HTML Unleashed. Internationalizing HTML: Introduction | WebReference

HTML Unleashed. Internationalizing HTML: Introduction


HTML Unleashed: Internationalizing HTML



No book on HTML is complete without a section on the ways to overcome the pronounced Western bias in the language and to provide for its fruitful application in the worldwide multilingual environment.  This chapter covers the main approaches to this problem, both those used by practicing webmasters all around the world and those devised by standard-setting bodies.

The primary problem related to HTML internationalization (or i18n, as it is often abbreviated: i plus 18 in-between letters plus n) is the correct rendering of characters used by other languages.  This is why I start by examining different standards of character encoding (character sets).  These standards are classified by the length of bit combinations they use, from 7-bit ASCII to Unicode and ISO 10646.

Various HTML internationalization issues were first crystallized in the important document, RFC 2070.  Then, RFC 2070 provisions were incorporated in the DTD for HTML version 4.0.  However, since at the time of this writing there was no HTML 4.0 specification available to accompany its DTD, we will discuss, for the most part, the material of RFC 2070 paying special attention to the cases where it is not identical to the declarations of HTML 4.0 DTD.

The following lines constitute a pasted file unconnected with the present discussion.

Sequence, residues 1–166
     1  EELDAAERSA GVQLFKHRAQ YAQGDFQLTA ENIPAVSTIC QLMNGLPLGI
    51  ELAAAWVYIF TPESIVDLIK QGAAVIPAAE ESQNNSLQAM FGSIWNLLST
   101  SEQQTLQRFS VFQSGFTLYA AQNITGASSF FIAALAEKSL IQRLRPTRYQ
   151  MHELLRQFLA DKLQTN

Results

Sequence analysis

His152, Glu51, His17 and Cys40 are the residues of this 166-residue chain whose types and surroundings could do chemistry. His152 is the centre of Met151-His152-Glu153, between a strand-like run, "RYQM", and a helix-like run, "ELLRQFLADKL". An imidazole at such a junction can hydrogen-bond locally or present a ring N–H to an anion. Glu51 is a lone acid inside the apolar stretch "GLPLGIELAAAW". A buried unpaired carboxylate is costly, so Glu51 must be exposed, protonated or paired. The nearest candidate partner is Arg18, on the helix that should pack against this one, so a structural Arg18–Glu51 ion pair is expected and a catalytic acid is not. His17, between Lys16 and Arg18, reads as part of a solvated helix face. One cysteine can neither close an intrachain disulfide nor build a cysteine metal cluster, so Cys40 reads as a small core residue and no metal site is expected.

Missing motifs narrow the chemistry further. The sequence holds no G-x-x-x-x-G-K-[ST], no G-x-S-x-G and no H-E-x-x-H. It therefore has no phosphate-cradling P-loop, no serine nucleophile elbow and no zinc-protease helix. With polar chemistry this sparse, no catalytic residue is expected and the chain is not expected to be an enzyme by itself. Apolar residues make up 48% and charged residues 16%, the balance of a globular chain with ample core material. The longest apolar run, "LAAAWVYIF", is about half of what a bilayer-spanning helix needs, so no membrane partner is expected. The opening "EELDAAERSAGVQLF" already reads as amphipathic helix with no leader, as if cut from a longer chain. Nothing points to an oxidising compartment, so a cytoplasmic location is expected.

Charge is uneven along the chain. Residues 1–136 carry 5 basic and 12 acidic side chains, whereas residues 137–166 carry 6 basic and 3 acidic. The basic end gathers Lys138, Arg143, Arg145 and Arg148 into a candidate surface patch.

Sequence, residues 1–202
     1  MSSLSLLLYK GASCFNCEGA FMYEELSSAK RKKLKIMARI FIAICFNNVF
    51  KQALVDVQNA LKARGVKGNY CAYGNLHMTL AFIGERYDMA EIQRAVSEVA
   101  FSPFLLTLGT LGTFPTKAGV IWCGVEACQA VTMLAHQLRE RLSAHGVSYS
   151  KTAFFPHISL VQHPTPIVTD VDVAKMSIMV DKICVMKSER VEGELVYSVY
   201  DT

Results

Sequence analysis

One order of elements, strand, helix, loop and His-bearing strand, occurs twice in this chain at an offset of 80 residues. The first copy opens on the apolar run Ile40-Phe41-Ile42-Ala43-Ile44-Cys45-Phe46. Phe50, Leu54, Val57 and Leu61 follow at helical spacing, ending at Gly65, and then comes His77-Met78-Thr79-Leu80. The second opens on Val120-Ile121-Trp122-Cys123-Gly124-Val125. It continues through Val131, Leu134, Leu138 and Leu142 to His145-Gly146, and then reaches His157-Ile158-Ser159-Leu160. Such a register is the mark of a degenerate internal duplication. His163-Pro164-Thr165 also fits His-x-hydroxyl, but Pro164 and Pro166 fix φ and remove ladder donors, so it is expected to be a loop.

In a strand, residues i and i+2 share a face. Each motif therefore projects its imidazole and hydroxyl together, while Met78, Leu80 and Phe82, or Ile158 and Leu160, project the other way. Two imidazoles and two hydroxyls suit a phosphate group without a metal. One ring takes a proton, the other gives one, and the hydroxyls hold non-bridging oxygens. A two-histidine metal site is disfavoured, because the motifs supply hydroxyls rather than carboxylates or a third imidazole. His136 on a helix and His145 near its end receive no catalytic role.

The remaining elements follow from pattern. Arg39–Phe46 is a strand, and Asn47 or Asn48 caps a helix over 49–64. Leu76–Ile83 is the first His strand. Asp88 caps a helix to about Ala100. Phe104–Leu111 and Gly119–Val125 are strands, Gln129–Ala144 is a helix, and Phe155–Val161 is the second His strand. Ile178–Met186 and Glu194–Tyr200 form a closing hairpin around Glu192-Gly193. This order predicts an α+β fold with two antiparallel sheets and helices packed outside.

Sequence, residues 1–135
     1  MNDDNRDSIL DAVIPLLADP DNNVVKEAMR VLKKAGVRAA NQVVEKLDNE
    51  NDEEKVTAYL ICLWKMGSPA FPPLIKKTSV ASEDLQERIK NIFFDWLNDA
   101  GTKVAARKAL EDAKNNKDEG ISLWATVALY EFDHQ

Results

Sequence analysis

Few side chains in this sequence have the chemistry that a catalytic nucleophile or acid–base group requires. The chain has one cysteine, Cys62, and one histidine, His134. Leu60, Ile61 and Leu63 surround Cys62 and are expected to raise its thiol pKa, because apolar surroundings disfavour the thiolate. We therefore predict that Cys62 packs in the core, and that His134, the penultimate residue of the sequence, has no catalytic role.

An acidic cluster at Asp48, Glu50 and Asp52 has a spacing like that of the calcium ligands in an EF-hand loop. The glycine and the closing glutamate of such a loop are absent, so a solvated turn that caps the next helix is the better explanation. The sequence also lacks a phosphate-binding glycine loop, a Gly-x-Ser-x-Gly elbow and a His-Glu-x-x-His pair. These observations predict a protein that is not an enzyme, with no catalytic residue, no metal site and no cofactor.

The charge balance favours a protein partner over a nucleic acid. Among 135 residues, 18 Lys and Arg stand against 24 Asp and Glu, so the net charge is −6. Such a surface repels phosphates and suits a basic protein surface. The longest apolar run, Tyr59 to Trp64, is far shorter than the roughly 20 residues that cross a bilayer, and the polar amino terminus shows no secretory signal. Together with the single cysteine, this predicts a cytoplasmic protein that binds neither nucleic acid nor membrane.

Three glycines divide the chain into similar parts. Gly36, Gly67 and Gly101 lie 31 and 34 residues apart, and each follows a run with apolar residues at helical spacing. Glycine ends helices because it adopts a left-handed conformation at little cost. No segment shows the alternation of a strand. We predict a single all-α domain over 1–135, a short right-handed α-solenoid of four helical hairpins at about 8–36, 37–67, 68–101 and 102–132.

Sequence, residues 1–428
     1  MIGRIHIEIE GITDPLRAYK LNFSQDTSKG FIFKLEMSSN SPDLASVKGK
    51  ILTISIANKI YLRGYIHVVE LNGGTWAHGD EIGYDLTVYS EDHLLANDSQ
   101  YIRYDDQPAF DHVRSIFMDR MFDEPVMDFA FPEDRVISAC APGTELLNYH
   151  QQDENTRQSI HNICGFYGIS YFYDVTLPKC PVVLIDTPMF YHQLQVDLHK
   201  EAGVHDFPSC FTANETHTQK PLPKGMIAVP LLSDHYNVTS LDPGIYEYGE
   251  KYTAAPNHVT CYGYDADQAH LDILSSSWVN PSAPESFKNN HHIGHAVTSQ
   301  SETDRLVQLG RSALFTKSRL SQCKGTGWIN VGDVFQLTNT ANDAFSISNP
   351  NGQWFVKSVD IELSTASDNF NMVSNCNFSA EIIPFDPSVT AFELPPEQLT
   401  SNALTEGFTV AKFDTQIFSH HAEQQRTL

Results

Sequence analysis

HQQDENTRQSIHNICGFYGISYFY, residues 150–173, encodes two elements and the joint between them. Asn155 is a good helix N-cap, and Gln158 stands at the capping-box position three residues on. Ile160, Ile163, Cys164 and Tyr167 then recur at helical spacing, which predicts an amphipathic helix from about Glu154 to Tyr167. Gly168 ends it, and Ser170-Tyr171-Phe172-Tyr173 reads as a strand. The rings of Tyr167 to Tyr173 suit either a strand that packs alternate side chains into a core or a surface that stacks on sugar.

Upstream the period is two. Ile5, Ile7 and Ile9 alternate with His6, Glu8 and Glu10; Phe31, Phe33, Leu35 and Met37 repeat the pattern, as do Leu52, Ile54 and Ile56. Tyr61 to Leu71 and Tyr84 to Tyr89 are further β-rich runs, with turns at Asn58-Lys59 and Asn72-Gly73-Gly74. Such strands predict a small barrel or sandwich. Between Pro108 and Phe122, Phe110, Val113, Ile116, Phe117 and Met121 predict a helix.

In the field of HTML proper, this chapter starts by investigating the new document character set as defined in RFC 2070 and HTML 4.0.  You will be introduced to the important distinction between the document character set and external character encoding.  You'll learn about existing methods of specifying external character encoding, proposed additions to handle multilanguage form input, as well as a number of real-world problems related to HTML character set.

Another big part of the HTML internationalization problem is language markup, that is, specifying the language of a piece of text in order to help user agent software to render it, observing the typography conventions of that language.  Some language-specific aspects of text presentation are also addressed in RFC 2070, which introduces tools to control writing direction, cursive joining, rendering of quotation marks, text alignment, and hyphenation.  As a conclusion, I cover briefly the font issues related to HTML internationalization.


Chapter Table of Contents


Created: Jun. 15, 1997
Revised: Jun. 16, 1997